Reindeer, also known as caribou, are herd animals who, in nature, travel up to 1,000 miles during their annual migration. But when they’re strapped to Santa’s sleigh for holiday events or used in movies, they’re denied the opportunity to travel, forage, and socialize with their herd. Instead, handlers restrain them with halters and reins, eventgoers harass them with unwanted touching, and noisy crowds cause them stress. When they’re not being used for Christmas displays, reindeer are kept on farms, at rental facilities, or at roadside zoos, where they may be neglected and denied adequate veterinary care. 💔
Although reindeer can’t fly like Rudolph, they’re “magical” in other ways. They’re supposed to live in a tundra environment, with hooves that act as paddles for swimming, eyes that change color seasonally to account for differing light levels, and hair covering their noses to keep them warm while they sniff out food covered with ice and snow.
Reindeer forage for tasty moss and fungi in the winter and munch on ferns, grasses, and tree leaves in the summer. They’re sensitive to sudden changes in diet, which can cause them gastrointestinal problems. But Christmas event attendees are often encouraged to hand-feed them unhealthy foods too high in grain, which can put their health at risk. In October 2020, a 2-year-old reindeer at a Christmas tree farm in Wales even died after a visitor fed him bread and sweets.
Reindeer forced to live away from their natural tundra environment need their hooves tended to, and many handlers who confine them for entertainment don’t provide them with proper routine hoof trimming. Eyewitnesses have seen neglected reindeer hooves beginning to curl. Many exhibitors have been cited by the U.S. Department of Agriculture (USDA)—some repeatedly—for failing to provide this basic preventive veterinary care. When hooves are overgrown, painful conditions like arthritis can result.
When reindeer can’t forage freely in their natural environment, they have to rely on humans to feed them. Yet at rental companies, roadside zoos, and holiday displays across the country, handlers have failed repeatedly to provide them with adequate food or to ensure that they sustain a healthy weight. At an Illinois-based reindeer rental company, over half the reindeer were found to be underweight and it was revealed that the exhibitor had been severely underfeeding them. A Washington roadside zoo received an official warning from the USDA for failing to supply adequate veterinary care to a reindeer who was so underweight that her ribs and hips were prominent. And a reindeer being used at a holiday display in Missouri was also significantly underweight, just skin and bones, with many areas of patchy or missing fur—signs of a skin condition that may have been contagious.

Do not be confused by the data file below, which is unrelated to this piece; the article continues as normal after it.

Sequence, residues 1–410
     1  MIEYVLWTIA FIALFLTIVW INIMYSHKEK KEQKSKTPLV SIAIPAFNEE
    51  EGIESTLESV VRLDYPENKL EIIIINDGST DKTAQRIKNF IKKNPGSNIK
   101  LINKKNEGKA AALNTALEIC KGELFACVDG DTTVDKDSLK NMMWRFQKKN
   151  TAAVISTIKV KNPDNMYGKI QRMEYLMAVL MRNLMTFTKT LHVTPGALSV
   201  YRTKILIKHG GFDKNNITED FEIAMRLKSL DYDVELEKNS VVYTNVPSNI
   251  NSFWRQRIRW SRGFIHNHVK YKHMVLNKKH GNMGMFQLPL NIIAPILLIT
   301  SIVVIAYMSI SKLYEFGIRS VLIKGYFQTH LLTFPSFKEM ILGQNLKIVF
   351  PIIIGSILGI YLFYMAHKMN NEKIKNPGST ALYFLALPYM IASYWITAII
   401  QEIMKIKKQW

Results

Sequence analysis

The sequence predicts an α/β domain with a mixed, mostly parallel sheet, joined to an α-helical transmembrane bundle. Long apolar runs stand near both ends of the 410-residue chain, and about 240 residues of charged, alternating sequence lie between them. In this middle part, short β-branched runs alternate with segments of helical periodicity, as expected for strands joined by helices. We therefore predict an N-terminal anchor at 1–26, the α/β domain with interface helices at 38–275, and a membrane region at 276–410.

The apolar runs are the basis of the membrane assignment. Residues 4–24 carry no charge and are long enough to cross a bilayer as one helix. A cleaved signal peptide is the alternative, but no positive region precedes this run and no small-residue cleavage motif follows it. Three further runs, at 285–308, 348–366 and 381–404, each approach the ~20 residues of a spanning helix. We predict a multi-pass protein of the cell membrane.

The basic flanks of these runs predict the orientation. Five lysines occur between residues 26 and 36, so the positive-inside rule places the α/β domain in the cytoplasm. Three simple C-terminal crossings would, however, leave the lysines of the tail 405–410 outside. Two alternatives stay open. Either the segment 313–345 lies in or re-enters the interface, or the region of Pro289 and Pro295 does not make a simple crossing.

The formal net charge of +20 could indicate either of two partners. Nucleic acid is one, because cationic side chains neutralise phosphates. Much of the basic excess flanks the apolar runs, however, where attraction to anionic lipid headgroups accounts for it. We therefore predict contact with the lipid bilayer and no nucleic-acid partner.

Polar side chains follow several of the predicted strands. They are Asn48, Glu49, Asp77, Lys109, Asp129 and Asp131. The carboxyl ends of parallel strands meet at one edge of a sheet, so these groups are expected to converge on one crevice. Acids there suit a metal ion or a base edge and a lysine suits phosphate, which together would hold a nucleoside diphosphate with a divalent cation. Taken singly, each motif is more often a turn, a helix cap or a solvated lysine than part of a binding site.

These are just a few of the many citations and reports of physical neglect of reindeer. These animals also suffer psychologically from being kept away from their herd and their natural environment. Using reindeer in Christmas exhibits reflects the opposite of the Christmas spirit.
When they’re not being carted around to Christmas events, reindeer often live on farms or in rental facilities.
Reindeer rental facilities all across the country have been cited by the USDA for confining reindeer to enclosures that are unsanitary or in disrepair, risking both their health and that of humans. One exhibitor in New York was cited for routinely “manhandling” the reindeer and causing them stress and for failing to maintain clean enclosures, which “had not been sanitized in years, if ever.” At a California rental facility, conditions were so unsanitary that flies attracted to the buildup of feces were swarming around the eyes of reindeer.
Keeping reindeer on farms and at other facilities puts interns, employees, and the public in harm’s way. At an Illinois facility, an intern was seriously injured and had to undergo surgery after a reindeer pushed her against a fence and pierced her with his antlers. But the reindeer had only been acting out of an instinctual fear of humans—the incident would never have taken place if he had been left in peace in his natural environment.
Reindeer, like all other wild animals, can become frightened and act unpredictably when they’re forced to live outside their natural environment. At an event in Colorado, reindeer were being used as props for photo ops and other public encounters when one got spooked and escaped from her handler. She ran through the streets and swam through a reservoir before being recaptured the following night. The USDA cited the exhibitor for the reindeer’s undoubtedly significant stress as well as for the risk of injury or loss of life posed by the incident.
Reindeer should never be used as holiday props! Don’t go to holiday events that use them, and be sure to tell your family, friends, and neighbors why they should avoid attending events like these as well. Also, make sure your child’s school doesn’t participate in field trips that involve reindeer. If you learn about an event with live reindeer taking place in your area, speak with the organizer and kindly ask that the reindeer be excluded.